My family just (re)watched Good Will Hunting… You know that line: “I gotta go see about a girl.”? Well, in a nutshell, that’s my story.

When I moved to Santa Cruz, I had a gf I’d left in NYC. The broad sweeps of how that long-distance relationship ended most can imagine. Let’s just say mistakes were made on all sides. During my first Fall in the UCSC Soc program I played for the grad student softball team. During one game, with a team of university staff and recent alumni (all of whom were friends with my teammates), this young woman, Diane, was playing third base.

She cleanly, and smoothly, fielded the first hot shot hit to her, cocked her arm, stepped into it and overthrew first base. She was a friend so everyone on my team affectionately lit into her. Second ball, fielded smoothly, thrown harder, only even further over the guy playing first base. What a cannon for an arm! She could hit, field, throw and was fast on the basepaths. I was also playing Ultimate for the university team and a club team – there’s a TON of Ultimate in Santa Cruz – and Diane was also out on the fields for the women’s team, and some co-ed, too. I was intrigued.

We’d became friends, as much as friends of friends are, when I finished the core seminars and passed the stupid stress-test proving to the faculty that I had learned enough to continue past the Masters degree and seek to earn a PhD.

A week later, I started working as a Teaching Assistant, and then as a Research Assistant for the Dean. In that building was the Environmental Studies Library/Resource Center and the person who ran it? Diane. We started doing the NYTimes crossword puzzle most days and periodically ran into one another riding our bicycles up the path across the three limestone terraces above the Monterey Bay and into the redwoods where campus buildings are nestled.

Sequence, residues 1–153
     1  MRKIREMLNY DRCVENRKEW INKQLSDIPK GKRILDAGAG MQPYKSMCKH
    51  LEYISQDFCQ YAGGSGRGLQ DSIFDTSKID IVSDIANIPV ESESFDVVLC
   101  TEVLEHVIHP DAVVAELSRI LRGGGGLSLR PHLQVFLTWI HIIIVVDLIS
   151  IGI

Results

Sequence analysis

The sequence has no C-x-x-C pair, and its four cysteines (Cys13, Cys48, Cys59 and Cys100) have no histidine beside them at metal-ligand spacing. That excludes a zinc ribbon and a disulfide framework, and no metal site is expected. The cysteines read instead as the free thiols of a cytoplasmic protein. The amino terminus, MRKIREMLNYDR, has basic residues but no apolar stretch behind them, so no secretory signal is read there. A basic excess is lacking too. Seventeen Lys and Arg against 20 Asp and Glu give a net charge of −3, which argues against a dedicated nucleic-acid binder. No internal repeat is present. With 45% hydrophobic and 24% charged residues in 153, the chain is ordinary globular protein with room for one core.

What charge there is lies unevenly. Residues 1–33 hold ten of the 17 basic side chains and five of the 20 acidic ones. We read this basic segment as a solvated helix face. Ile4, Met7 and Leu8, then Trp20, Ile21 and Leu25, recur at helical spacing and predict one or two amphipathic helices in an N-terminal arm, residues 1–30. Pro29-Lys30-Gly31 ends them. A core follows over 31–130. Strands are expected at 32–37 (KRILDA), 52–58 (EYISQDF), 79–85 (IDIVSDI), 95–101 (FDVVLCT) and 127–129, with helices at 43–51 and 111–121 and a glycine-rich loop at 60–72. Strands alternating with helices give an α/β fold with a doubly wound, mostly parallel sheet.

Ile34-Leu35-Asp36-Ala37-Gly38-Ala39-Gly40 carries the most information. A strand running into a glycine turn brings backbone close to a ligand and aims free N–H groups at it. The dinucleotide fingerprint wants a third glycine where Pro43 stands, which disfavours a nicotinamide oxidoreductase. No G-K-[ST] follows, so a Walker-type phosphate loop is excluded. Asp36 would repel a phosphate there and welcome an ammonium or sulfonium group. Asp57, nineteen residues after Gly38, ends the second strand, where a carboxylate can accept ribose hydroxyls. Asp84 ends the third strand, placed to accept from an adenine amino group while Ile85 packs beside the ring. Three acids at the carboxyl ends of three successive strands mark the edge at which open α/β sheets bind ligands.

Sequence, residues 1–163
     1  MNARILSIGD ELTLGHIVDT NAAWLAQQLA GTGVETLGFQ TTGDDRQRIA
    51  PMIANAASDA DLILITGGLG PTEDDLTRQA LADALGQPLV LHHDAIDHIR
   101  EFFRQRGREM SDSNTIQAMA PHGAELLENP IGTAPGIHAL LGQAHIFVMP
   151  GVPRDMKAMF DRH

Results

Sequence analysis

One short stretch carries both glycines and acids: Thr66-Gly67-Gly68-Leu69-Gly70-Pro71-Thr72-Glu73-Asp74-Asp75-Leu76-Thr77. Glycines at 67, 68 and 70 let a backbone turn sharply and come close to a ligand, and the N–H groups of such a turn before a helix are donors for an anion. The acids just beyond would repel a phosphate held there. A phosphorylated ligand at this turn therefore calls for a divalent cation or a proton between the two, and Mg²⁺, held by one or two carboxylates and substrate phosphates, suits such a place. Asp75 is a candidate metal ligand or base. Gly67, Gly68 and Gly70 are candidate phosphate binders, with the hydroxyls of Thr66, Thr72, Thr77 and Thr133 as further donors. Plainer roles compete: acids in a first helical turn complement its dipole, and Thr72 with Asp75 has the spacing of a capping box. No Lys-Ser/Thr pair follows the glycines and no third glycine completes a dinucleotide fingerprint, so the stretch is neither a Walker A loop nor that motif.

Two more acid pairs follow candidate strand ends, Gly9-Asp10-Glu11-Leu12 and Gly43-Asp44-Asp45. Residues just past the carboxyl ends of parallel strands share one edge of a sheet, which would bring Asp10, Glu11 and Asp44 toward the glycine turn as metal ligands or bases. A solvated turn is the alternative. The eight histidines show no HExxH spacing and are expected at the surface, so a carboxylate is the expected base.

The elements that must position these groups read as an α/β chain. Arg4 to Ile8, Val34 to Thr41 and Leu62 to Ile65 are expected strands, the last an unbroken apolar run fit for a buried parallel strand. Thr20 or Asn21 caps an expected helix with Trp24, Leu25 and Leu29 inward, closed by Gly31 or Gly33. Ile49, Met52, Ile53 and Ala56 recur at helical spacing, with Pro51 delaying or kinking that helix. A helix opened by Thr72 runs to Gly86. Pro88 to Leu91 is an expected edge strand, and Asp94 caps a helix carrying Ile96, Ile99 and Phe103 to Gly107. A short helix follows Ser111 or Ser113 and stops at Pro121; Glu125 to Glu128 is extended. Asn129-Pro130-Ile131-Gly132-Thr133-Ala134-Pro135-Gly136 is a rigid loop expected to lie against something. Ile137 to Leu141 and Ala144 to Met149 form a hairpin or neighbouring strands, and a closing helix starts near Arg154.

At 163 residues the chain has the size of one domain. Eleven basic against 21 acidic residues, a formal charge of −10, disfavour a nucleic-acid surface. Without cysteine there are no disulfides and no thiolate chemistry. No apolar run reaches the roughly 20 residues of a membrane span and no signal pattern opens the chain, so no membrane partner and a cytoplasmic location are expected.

All this was as things were getting weirder in the long-distance thing. Diane and I started doing more things together and, eventually, the rest became history. BUT… I was a Lyres, Minutemen, Fall, Replacements, Meat Puppets, Mekons and Sonic Youth young man and Diane was a Bob Dylan, Neil Young, Aerosmith, Toots and the Maytals, and Tom Petty young woman. Yet, we were smitten. Common ground quickly emerged – Neil Young helped a lot and, even after becoming too serious and a college radio wanker, I’d always liked Tom Petty. It turned out she was OK with a lot of unconventional music – even if a lot of what I was playing at the radio station made her roll her eyes and shake her head.

TBH, I don’t know if Diane played me Silvertone or Chris Isaak’s self-titled record before she said we should go see him at the Catalyst – the larger-than-a-bar but not-really-a-major-venue stage in town. Have I mentioned that I LOVE good surf-western-spy-monster-drag strip guitar? The bad stuff’s pure shit but, by the early 80s, I’d long loved Rumble and Miserlou and, when the Insect Surfers sent their 1983 EP, Sonar Safari, to my radio station, I was blown away.

So, we go to the show and, as someone said in a YouTube comment – it was like Elvis and Roy Orbison had a baby with Dwayne Eddy as the nanny. The band came out first and – echoing The Ian Hunter Band’s early 80s shows where Mick Ronson would come out and play the theme to FBIJames Wilsey (previously the guitarist for the punk band, The Avengers, fronted by Penelope Houston) and the rhythm section came out and played a really cool surf and punk inspired instrumental.

At that point all the lights went out and a moment or two later, a black light beam lit up Isaak, who was wearing a seriously oversized glow-in-the-dark remarkably over-embroidered suit and main show started. I don’t remember if the show was part of the tour in support of Heart Shaped World or if it was before the release and the tour, but the songs were good, the cover tunes perfectly chosen and a wonderful time was had by all. Isaak was an excellent front man, had a number of “remarkable” suits into which he changed at different times. Oh, yeah, and he can sing, and some songs you bounce around to and others are clearly intended for more intimate shared motions. Like I said, a good night.